A routing protocol specifies how routers communicate with each other, disseminating information that enables them to select routes between any two nodes on a computer network. Routing algorithms determine the specific choice of route. Each router has a priori knowledge only of networks attached to it directly. A routing protocol shares this information first among immediate neighbors, and then throughout the network. This way, routers gain knowledge of the topology of the network.
Although there are many types of routing protocols, three major classes are in widespread use on IP networks:
- Interior gateway protocols type 1, link-state routing protocols, such as OSPF and IS-IS
- Interior gateway protocols type 2, distance-vector routing protocols, such as Routing Information Protocol, RIPv2, IGRP.
- Exterior gateway protocols are routing protocols used on the Internet for exchanging routing information between Autonomous Systems, such as Border Gateway Protocol (BGP), Path Vector Routing Protocol.
Please notice that the term "Exterior gateway protocol" has two meanings. It could mean a category of protocols used to exchange routing information between autonomous systems (see: exterior gateway protocol). It could also mean a specific RFC-described protocol (see: Exterior Gateway Protocol).
Many routing protocols are defined in documents called RFCs.
Some versions of the Open System Interconnection (OSI) networking model distinguish routing protocols in a special sublayer of the Network Layer (Layer 3).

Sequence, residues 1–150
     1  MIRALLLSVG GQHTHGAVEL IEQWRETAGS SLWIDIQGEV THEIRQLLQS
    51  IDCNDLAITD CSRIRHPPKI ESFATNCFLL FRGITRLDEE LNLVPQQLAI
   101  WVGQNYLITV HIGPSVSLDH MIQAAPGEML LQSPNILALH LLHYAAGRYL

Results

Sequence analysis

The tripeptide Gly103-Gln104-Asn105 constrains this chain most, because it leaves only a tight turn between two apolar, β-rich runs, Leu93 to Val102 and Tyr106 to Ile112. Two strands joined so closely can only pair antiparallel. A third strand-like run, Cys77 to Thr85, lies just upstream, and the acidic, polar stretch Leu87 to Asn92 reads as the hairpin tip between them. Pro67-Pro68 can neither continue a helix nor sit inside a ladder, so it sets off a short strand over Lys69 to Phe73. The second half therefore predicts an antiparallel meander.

The specific characteristics of routing protocols include the manner in which they avoid routing loops, the manner in which they select preferred routes, using information about hop costs, the time they require to reach routing convergence, their scalability, and other factors.
OSI layer designation
Routing protocols, according to the OSI routing framework, are layer management protocols for the network layer, regardless of their transport mechanism:
- IS-IS runs on the data link layer (Layer 2)
- Open Shortest Path First (OSPF) is encapsulated in IP, but runs only on the IPv4 subnet, while the IPv6 version runs on the link using only link-local addressing.
- IGRP, and EIGRP are directly encapsulated in IP. EIGRP uses its own reliable transmission mechanism, while IGRP assumed an unreliable transport.
- RIP runs over UDP
- BGP runs over TCP
Interior gateway protocols
Interior gateway protocols (IGPs) exchange routing information within a single routing domain. Examples of IGPs include:
- Open Shortest Path First (OSPF)
- Routing Information Protocol (RIP)
- Intermediate System to Intermediate System (IS-IS)
- Enhanced Interior Gateway Routing Protocol (EIGRP)
Exterior gateway protocols
Many software implementations exist for most of the common routing protocols. Examples of open-source applications are Bird Internet routing daemon, Quagga, GNU Zebra, OpenBGPD, OpenOSPFD, and XORP.
Some network certification courses distinguish between routing protocols and routed protocols. A routed protocol is used to deliver application traffic. It provides appropriate addressing information in its Internet Layer (Network Layer) addressing to allow a packet to be forwarded from one network to another.
Examples of routed protocols are the Internet Protocol (IP) and Internetwork Packet Exchange (IPX).